What is Appropriate Public Policy for Profit Renegotiation?

by Sumner Marcus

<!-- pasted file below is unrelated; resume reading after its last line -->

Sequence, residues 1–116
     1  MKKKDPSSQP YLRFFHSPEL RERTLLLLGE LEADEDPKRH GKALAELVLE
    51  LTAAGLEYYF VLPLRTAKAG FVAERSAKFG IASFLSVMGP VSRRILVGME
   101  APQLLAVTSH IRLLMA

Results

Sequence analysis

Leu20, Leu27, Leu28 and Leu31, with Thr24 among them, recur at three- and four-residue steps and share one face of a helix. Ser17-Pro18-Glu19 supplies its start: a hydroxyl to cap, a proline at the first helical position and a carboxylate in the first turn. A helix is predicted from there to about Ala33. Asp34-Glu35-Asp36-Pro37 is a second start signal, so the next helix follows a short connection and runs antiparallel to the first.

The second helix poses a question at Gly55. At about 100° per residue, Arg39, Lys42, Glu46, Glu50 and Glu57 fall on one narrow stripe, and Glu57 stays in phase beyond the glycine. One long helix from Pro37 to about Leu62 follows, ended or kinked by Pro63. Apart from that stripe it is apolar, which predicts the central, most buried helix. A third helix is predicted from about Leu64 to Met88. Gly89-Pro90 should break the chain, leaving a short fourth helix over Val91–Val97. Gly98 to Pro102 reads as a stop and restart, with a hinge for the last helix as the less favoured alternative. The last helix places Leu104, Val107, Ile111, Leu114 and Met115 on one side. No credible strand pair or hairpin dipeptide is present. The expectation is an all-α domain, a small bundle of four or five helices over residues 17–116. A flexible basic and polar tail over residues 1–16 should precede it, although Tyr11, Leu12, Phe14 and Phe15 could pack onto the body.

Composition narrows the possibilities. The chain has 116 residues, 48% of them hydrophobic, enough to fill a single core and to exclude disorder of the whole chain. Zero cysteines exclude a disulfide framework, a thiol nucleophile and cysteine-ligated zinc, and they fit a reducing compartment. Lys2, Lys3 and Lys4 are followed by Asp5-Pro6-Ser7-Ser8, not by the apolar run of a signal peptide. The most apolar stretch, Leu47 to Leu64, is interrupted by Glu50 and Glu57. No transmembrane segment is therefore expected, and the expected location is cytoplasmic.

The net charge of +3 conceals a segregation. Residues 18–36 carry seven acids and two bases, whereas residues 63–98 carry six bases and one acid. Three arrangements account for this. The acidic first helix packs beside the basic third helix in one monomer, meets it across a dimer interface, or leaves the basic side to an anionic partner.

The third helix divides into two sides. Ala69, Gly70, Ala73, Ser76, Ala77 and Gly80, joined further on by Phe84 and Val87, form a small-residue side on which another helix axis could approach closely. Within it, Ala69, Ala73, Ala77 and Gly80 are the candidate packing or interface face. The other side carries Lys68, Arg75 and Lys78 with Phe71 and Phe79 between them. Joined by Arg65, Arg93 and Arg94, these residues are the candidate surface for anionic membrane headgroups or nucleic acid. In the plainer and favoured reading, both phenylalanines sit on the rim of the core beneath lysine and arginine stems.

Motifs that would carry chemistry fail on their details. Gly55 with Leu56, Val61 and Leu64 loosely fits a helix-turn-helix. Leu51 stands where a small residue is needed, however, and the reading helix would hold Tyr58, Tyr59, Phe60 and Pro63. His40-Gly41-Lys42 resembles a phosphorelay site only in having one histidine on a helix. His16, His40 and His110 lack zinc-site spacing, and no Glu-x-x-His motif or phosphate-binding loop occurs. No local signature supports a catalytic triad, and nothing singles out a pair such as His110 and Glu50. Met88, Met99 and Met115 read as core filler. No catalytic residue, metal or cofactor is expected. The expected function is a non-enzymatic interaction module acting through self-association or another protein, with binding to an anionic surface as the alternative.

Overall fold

It has come to he assumed that some form of renegotiation is inevitable during a period of national emergency. At the same time, the advocacy of renegotiation as the best way to curb defense profits has always been accompanied by the recognition that renegotiation is a displeasing technique with many drawbacks and one that would not and should not be used for very long. The article explores how well renegotiation is suited to cope with the defense profits problems of the 1960s in the U.S., and assuming that renegotiation is to be continued, what improvements should be made in it. The objectives of renegotiation, price reduction and the prevention of windfall profits, do not in 1959 lend the same cogency to arguments for the continuation of renegotiation as they did in 1942. This is because of the many significant developments of the intervening period, and particularly the fact that defense purchasing has become relatively less important to the economy. It has been viewed that the renegotiators do some thing essentially different from those engaged in making contracts for the government and have thereby acquired special skills which are worth retaining. Only a thorough investigation of present contracting organizations and procedures of the government can tell whether this is so. Obviously, it, is not possible

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